Monday, March 25, 2024

In Case You Missed It – March 25, 2024

Here are links to last week's articles receiving the most attention on NEIFPE's social media accounts. Keep up with what's going on, what's being discussed, and what's happening with public education.

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"How do you build a world-class human? Well, you give him or her the benefits of a broad, humane, liberal arts education that confers judgment, wisdom, vision, and generosity. Greene shows us, from her own classes over three decades, exactly how that happens.

And she shows us how, under the “standards”-and-testing occupation, all that is being lost."
-- Bob Shepherd, quoted in Bob Shepherd: Gayle Green on How to Make a Human by Diane Ravitch.


Bob Shepherd: Gayle Green on How to Make a Human

The so-called "education reform" movement to privatize education has been decimating schools for more than two decades. Has it worked to improve student outcomes?

From Diane Ravitch
Bob Shepherd, author, editor, assessment developer, story-teller, and teacher, read a book that he loved. He hopes—and I hope—that you will love it too.

He writes:

Like much of Europe between 1939 and 1945, education in the United States, at every level, is now under occupation. The occupation is led by Bill Gates and the Gates Foundation and abetted by countless collaborators like those paid by Gates to create the puerile and failed Common Core (which was not core—that is, central, key, or foundational—and was common only in the sense of being vulgar. The bean counting under the occupation via its demonstrably invalid, pseudoscientific testing regime has made of schooling in the U.S. a diminished thing, with debased and devolved test preppy curricula (teaching materials) and pedagogy (teaching methods).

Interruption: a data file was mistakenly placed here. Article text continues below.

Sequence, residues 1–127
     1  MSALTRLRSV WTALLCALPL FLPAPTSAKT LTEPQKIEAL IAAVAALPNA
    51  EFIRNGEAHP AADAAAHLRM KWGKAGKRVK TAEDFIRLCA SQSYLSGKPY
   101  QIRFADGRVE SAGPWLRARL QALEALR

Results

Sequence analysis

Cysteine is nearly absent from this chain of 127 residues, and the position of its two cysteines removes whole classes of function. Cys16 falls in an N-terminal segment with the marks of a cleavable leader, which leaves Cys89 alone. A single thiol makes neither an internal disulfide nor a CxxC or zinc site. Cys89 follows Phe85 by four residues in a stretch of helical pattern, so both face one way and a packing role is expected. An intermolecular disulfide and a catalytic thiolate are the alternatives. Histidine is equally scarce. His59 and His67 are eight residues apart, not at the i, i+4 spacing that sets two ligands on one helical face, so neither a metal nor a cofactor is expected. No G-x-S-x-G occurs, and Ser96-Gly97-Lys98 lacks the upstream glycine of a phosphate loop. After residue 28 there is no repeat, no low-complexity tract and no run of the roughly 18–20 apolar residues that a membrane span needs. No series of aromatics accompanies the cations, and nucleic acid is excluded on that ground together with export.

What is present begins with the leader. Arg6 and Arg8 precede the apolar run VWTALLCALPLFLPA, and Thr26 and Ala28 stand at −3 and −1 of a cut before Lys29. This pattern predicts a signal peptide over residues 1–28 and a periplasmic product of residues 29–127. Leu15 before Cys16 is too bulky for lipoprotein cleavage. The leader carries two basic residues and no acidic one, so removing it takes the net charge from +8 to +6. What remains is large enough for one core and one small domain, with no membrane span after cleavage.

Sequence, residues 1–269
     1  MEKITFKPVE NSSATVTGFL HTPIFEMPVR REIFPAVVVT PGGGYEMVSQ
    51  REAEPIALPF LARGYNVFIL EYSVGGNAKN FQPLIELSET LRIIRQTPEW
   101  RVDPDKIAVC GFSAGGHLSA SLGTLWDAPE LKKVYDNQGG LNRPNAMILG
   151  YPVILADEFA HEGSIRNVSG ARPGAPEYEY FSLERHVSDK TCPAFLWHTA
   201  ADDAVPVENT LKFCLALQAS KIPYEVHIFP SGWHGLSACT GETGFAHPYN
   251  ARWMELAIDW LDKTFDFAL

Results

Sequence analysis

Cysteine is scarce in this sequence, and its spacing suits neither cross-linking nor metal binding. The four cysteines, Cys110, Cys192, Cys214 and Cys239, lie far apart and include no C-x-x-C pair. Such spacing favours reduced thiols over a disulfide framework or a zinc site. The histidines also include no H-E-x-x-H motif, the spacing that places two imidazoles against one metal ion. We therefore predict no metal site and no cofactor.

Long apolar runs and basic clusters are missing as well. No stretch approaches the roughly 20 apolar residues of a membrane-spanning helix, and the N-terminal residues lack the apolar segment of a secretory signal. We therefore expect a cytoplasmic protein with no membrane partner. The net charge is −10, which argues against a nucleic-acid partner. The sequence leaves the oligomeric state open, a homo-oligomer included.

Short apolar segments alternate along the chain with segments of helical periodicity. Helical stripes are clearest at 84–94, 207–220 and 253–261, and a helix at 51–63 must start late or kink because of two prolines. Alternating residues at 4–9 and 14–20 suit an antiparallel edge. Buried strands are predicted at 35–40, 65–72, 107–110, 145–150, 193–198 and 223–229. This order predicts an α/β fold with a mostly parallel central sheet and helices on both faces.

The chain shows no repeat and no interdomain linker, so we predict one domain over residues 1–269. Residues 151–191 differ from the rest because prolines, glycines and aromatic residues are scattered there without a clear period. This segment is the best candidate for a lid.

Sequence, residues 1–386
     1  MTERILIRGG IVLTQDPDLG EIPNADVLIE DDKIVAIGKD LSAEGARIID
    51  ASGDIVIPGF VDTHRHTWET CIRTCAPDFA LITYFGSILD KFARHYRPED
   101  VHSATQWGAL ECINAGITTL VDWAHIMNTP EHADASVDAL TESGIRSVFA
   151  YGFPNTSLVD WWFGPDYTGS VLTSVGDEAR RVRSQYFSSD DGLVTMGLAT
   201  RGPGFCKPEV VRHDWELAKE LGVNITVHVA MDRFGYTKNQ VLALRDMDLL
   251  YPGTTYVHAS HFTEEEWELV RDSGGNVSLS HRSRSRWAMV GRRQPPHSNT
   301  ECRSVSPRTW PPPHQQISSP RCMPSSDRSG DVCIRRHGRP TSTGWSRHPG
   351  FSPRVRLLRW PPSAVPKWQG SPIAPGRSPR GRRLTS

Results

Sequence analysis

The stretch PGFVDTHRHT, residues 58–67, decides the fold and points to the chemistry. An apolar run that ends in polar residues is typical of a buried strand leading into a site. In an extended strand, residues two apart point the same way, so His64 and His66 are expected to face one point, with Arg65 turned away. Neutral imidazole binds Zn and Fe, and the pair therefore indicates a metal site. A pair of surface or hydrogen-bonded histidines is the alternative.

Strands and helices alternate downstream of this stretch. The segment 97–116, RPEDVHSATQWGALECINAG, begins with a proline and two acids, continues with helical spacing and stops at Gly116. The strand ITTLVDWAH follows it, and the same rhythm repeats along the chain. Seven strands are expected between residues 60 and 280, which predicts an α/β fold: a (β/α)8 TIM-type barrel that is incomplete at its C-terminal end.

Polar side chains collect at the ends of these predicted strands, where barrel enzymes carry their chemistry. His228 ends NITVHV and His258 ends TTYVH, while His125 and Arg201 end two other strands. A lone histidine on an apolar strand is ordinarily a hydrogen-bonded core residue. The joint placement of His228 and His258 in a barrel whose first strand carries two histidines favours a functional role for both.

In the midst of this, Gayle Greene, a renowned Shakespeare scholar and Professor Emerita at Scripps University, has engaged in some delightful bomb throwing for the Resistance. Her weapon? A new book called Immeasurable Outcomes: Teaching Shakespeare in the Age of the Algorithm.


Hindu “Statesman” Will Move to Florida if DeSantis Signs the Bill to Let Him Guide Students

The founders chose to keep church and state separate. Using chaplains instead of counselors flies in the face of that basic American concept. States should fully fund schools so that qualified counselors can be hired.

A similar bill failed to pass in this year's Indiana General Assembly, but our guess is that it's not gone forever.

From Diane Ravitch
The Miami Herald reports:

Gov. Ron DeSantis has yet to sign a bill that would allow chaplains to offer counseling in public schools, but one colorful religious figure says he is already eager to volunteer.

He’s a self-described “Hindu statesman” from Nevada who says he would like to bring “the wisdom of ancient Sanskrit scriptures” to students — perhaps not exactly what Florida lawmakers had in mind when they approved a bill that supporters tout as a way to make up for a shortage of mental health counselors in many schools.

The offer from Rajan Zed, president of the Universal Society of Hinduism, may amount to just his latest effort to raise his organization’s profile, but it also underlines concerns from critics. Mainly, that the bill’s vague definition of “counseling” will invite religious groups — whether they are Hindu, Christian or otherwise — to use it as a door to teaching their beliefs in secular school systems.

Will the U.S. Senate Waste this Year’s Opportunity to Reduce Child Poverty?

Child poverty is the number one cause of low student achievement in the US (and worldwide). No amount of scripted lessons, overuse, and misuse of testing, or insulting and demeaning educators will improve student outcomes. We've known this for years.